Sentences increased for 63 offenders

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New statistics for 2019 2019 ULS statistics (MS Excel Spreadsheet, 21.3KB) show 63 offenders had their sentences increased, after the Attorney General and Solicitor General (the Law Officers) considered that their original sentences were too low.

Under the Unduly Lenient Sentence (ULS) scheme, victims of crime, members of the public, and prosecutors can ask for certain Crown Court sentences to be reviewed if they believe they are too low. Only one referral is required in order for it to be considered by the Attorney General’s Office.

The Law Officers carefully consider each case personally, and if they think the sentence is too low, they will ask the Court of Appeal to review the sentence. They can only ask the Court of Appeal to review a sentence with a view to increasing it if that sentence is not just lenient but unduly so, such that the sentencing judge made a gross error or imposed a sentence outside the range of sentences available.

The 2019 Unduly Lenient Sentence Scheme statistics published by the Attorney General’s Office revealed that in the vast majority of cases, judges get it right. There has also been a fall in the number of applications for sentences to be reviewed.

The Law Officers received 577 applications for sentences to be reviewed which met the necessary criteria to be considered under the Scheme. Of these, 93 were referred to the Court of Appeal. The Court of Appeal agreed that 64 sentences were too low, and as a result 63 offenders had their sentences increased. 16 people were imprisoned after avoiding prison time at their original sentencing.

Of the 93 offenders who were referred to the Court of Appeal, these related to crimes in the following categories:

  • Rape and serious sexual offences
  • Homicide
  • Serious assault offences
  • Drug-related
  • Death by dangerous driving

The Solicitor General, Rt Hon Michael Ellis QC MP, said:

The ULS scheme allows anyone, including victims of crime, to ask for a review of certain sentences they believe are too low.

A sentencing exercise is not an exact science. In the vast majority of cases, judges get it right. While we are seeing fewer complaints about sentences, the scheme is still important to ensure that certain cases can be reviewed where there may have been a gross error in the sentencing decision. This brings comfort to many victims and their families.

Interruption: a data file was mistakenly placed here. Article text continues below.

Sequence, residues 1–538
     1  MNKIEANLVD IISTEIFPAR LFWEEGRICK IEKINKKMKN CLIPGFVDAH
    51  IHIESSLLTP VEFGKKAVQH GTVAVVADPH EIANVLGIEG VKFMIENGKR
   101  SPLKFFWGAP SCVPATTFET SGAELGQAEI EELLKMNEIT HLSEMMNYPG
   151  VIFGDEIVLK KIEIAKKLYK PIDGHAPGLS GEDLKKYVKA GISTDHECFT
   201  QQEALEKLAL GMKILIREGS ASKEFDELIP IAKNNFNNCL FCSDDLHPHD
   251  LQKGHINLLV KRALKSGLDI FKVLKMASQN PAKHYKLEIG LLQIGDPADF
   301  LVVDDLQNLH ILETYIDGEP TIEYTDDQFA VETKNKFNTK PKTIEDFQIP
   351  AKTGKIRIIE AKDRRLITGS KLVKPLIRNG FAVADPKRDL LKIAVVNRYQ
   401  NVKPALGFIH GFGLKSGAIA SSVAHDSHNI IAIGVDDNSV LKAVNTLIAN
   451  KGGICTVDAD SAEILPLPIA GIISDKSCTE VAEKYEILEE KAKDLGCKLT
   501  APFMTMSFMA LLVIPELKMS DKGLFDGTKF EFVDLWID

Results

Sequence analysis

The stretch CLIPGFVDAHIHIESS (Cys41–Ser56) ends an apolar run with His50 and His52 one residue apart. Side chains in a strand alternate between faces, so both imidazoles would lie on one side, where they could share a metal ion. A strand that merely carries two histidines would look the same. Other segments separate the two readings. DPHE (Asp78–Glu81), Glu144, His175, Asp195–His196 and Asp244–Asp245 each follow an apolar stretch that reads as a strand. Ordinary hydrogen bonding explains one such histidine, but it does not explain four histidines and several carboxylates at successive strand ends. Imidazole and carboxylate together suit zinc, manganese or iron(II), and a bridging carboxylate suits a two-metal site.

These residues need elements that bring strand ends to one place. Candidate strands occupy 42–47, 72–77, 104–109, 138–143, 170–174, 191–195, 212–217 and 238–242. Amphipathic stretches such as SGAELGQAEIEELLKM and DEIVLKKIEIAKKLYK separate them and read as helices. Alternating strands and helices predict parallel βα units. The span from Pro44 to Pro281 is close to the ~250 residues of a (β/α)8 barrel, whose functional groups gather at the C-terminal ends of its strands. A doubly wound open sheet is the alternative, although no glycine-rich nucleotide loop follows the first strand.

The Law Officers have 28 days from the date of sentencing to refer a case to the Court of Appeal, so it’s important for them to receive a referral as early as possible in order to properly consider a case.

The ULS scheme came into force on 1st February 1989. It was introduced after public outcry over the lenient sentencing of the offenders involved in the 1986 rape of 21 year old Jill Saward. The victim was brutally raped by a gang of robbers at her father’s vicarage.

The scheme was extended in 2017 to include an additional 19 terror-related offences, and again last year to cover sexual abuse of children or vulnerable adult offences, and stalking and harassment involving violence.

Notes

  • The first ever ULS hearing took place in July 1989 for a man who committed incest on his daughter and had his sentence doubled from 3 to 6 years.
  • The ULS scheme was legislated for within the Criminal Justice Act 1988.
  • Anyone is able to ask a Crown Court sentence to be reviewed by the Attorney General’s Office and the progress of referrals can be followed on the website. The ULS scheme only applies to certain Crown Court offences.
  • Details of some of the offences covered by the scheme can be found here
  • Under the ULS scheme a case must be referred to the Court of Appeal within 28 days of the date of sentencing. This deadline cannot be extended and in order to ensure we have time to properly consider a case we ask that referrals are made early in the process. It is very difficult to consider a case which is submitted late and it is not possible to do so outside of working hours.

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